Need a holiday writing prompt to keep your students’ interested in content material during the holidays?
How do you keep students interested in writing?
Use an engaging — impossible to resist topic!
Even though winter holidays are distracting, your students can practice persuasion, description, and creative writing skills.
Taking a break from your regular writing topics and focusing on seasonal and potentially silly topics can inspire student creativity and energy for writing!
Here are some easy ideas to try:
By the time our students reach middle school, they are well-versed in the usual holiday stories.
Which means those stories are perfect for parody.
Start this lesson with the king of parody: Weird Al Yankovich. It can be a challenge to find a song he parodies that is:
a. one your students know
b. appropriate for school
However — showing your students the original video for “Beat It” and then “Eat It” may be just what they need to see how the parody works.
Students love dissecting what a parody is, how it works, and how it’s different from outright just making fun of something.
But if you can’t find a music video that works, you can use a familiar holiday story.
Teach parody as a way for students to take a fresh look at a familiar Christmas theme.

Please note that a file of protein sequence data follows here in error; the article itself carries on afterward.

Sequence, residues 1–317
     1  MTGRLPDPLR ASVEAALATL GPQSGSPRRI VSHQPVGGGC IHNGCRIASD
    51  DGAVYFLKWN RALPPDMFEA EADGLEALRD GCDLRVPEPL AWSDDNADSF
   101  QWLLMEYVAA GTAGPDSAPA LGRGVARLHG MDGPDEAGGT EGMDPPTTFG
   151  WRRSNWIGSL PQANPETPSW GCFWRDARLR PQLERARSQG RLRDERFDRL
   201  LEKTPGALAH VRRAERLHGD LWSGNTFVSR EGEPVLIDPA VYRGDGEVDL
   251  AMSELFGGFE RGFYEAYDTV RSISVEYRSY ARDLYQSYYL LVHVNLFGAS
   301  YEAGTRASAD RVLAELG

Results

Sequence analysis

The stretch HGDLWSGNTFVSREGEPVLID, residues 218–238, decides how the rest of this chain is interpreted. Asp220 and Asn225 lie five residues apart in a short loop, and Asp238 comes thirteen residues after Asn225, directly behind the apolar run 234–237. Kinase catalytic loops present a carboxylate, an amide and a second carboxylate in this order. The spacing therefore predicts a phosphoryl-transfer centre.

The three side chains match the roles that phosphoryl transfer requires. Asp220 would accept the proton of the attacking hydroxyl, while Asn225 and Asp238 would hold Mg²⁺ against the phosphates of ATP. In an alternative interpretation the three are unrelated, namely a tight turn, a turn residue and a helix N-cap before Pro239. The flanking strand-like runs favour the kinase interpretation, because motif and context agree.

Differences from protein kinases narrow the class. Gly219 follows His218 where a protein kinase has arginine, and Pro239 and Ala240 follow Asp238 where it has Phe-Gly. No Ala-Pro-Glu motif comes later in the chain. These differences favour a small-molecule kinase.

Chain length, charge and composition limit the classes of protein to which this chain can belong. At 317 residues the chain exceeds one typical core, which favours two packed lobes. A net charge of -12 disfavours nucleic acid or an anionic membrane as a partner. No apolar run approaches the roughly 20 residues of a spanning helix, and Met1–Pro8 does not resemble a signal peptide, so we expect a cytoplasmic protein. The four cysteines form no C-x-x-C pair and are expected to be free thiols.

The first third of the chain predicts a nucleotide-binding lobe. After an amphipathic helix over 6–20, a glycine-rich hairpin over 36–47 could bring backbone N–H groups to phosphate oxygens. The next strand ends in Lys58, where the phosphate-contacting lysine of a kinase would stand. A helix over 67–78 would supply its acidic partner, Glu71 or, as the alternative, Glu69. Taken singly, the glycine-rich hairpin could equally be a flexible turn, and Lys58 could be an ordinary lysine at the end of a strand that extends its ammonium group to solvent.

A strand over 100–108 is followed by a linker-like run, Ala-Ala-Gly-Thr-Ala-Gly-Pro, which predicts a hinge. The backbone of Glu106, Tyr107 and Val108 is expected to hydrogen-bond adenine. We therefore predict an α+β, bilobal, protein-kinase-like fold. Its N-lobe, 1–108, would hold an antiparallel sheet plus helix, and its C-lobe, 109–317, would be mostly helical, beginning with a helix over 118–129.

Read the familiar “Night Before Christmas,” provide students with a copy, and allow them to write a “Night Before Christmas” that takes place at school, or “The Night Before Finals,” or Winter Break — or “The Night Before Break is Over!”
Familiar holiday songs are perfect for parodies as well.
Holiday writing prompt: letter to Santa…
With a twist!
My favorite holiday prompt is: Dear Santa, Please Take Me Off the Naughty List.
Students begin with a problem: for some reason, they are on Santa’s naughty list.
They must convince Santa that they don’t belong there by:
1) addressing the problem
2) creating an argument as to how they have been nice
3) persuading Santa that he is mistaken
I love this lesson because it teaches addressing the opposition (how you got on the list in the first place!), tone (how do you talk to Santa?), evidence (how do you prove you’ve been nice?), and the friendly letter format includes an introduction and conclusion.
(You can find this complete lesson here.)
Be sure to allow students to share their letters with the class!
Ugly Christmas Sweater
Sure, you can have students wear them, but what happens when you take it a step further, and students design and describe them — so that another student can recreate them?
That’s the idea behind the ugly Christmas sweater writing prompt.
How to teach this:
First have your students design an ugly Christmas sweater.
Then, have them write a detailed description of their sweater.
Next, collect both the sweater designs and the descriptions. Randomly distribute the descriptions and have the student recreate the design based on the description.
Finally, match up the original illustration, directions, and recreated illustration.
This is a blast to teach and a wonderful descriptive writing lesson!
Need more holiday ideas?
Check out this post for ideas for more ideas that will keep your students writing all month long!
Here’s to wonderful writing this holiday season!
You can find the complete lesson for the “Dear Santa” lesson in my store.
And…of course, I’m sure you are all on Santa’s nice list!!